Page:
What Uganda needs now is the same thing that most all of Africa needs, which is not only efficient and well thought out infrastructure, and a cross-border, trading-enabled transportation system, but even more so, what Uganda needs now is to nurture and launch a bold generation of young entrepreneurs, small business owners and self-employment projects.
What Uganda needs is now more taxpayers, and individual propery rights.
With individual property rights, just like we had at the founding of America as a young democracy, the individual poor would have what my friend, the late Housing & Urban Development Secretary Jack Kemp called "seed corn."
They could encumber and build up their own piece of the Ugandan dream, and grow assets, equity and a net worth, which can later be passed on to their equally enterprising children. In short, the international community needs to not stop with the simple act of giving a man a fish in Africa, which is appreciated, and rather teach that man (and woman) to fish, and even how to own the boat, own the ship, and even the lake if that's appropriate.
With a generation of stakeholders and taxpayers who understand the unique "language of money" in Uganda (and by extension all of Africa), the continent would within a generation be completely transformed into a dynamic engine of sustainable growth, opportunity, and the dignity that it so rightly deserves.
Studies have shown that a mere 1% increase in GDP on the African continent would be equal to three times the amount of foreign aid pouring into Africa annually.
What Africa needs now is a hand up, and not simply a hand out.
My mentor and HOPE global spokesman, civil rights icon and strategist in the civil rights movement Ambassador Andrew Young, shared a story of him and Dr. Martin Luther King, Jr., touring Israel and Palestine. After Dr. King and Mrs. Coretta Scott King returned from a trip along the famed Jericho Road, a reporter said to him, "Dr. King, you remind me of the Biblical Good Samaritan along the Jericho Road," and Dr. King reportedly said nothing in response. Later he told Young, "Andy, I love and respect the Good Samaritan, and we need Good Samaritans, but I don't want to be one." King continued, "I don't want to pick not one more of my people up, sitting next to the road, in a ditch, like a victim. I want to fix that Jericho Road..."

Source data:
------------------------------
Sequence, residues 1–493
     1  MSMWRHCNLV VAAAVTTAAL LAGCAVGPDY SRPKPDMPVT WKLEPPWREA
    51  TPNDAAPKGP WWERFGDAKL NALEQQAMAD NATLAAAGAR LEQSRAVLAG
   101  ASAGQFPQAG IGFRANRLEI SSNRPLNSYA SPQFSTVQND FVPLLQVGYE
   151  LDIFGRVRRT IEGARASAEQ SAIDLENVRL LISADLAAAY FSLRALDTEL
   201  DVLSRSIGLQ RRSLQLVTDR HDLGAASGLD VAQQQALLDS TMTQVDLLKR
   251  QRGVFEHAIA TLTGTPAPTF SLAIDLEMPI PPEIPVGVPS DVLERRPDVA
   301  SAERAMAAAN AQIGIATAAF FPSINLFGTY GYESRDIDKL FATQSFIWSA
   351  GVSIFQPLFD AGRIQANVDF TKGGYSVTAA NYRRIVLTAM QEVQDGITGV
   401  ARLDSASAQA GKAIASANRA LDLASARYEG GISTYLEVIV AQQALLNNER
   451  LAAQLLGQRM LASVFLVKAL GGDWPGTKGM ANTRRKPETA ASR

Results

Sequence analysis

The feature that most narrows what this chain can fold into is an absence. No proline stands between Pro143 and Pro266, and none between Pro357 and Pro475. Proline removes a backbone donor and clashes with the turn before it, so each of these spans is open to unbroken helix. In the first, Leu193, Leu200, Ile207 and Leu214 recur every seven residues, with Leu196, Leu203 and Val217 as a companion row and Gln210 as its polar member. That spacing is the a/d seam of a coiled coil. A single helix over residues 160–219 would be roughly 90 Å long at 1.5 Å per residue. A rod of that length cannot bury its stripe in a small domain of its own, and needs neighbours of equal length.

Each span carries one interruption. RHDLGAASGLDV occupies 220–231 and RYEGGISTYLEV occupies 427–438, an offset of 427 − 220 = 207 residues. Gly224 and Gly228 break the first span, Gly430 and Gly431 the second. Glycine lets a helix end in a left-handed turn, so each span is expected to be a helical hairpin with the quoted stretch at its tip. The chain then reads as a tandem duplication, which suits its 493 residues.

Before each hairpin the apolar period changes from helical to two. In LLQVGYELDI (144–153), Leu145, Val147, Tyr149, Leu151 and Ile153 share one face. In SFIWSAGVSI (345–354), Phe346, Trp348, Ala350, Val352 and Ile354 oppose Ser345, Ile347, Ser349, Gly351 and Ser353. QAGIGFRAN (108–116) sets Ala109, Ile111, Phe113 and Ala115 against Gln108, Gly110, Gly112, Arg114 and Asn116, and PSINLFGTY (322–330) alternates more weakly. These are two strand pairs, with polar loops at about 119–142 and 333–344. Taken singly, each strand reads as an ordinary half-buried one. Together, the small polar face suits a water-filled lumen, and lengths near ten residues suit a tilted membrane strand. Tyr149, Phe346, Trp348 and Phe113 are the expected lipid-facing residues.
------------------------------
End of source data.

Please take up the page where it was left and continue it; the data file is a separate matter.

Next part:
What Africa needs now is not so much, more of the Biblical "Good Samaritans," picking up victims along the Jericho Road, but more entrepreneurs, business owners and practical visionaries who actually want to "fix and repair the Jericho Roads" of the continent, and our world.
Not stopping there, they should also want to pave the Jericho Road, put street lights up along the Jericho Road, see economic development and community development along the Jericho Road, and dignity rich, educated young people working in their shops and businesses, and growing households and families, along the Jericho Road.
What Africa needs now are more Martin's and Patricks' (see my last piece on Uganda entitled "Fix the Damn Pot Holes"), committed to "fixing the Jericho Roads" throughout Africa.
What Africa needs to do now, is to fix that damn pot hole. We can help.
John Hope Bryant is an entrepreneur, the founder, chairman and CEO of Operation HOPE, former vice chairman, U.S. President's Advisory Council on Financial Literacy, financial literacy advisor to the World Economic Forum Global Agenda Council, a Young Global Leaders for the World Economic Forum, internationally recognized public speaker and author of LOVE LEADERSHIP; A New Way to Lead in a Fear-Based World (Jossey-Bass), which debuted in August, 2009, as the Amazon.com #1 Hottest New Book (for Leadership), on the CEO Reads Top 10 Business Best Seller List, and was published in November, 2009 in digital audio book format on Audible.com, iTunes and other audio book retailers . Love Leadership was listed amongst the Top 25 Business Books for Inc. Magazine/CEO Read for 10 month after its release.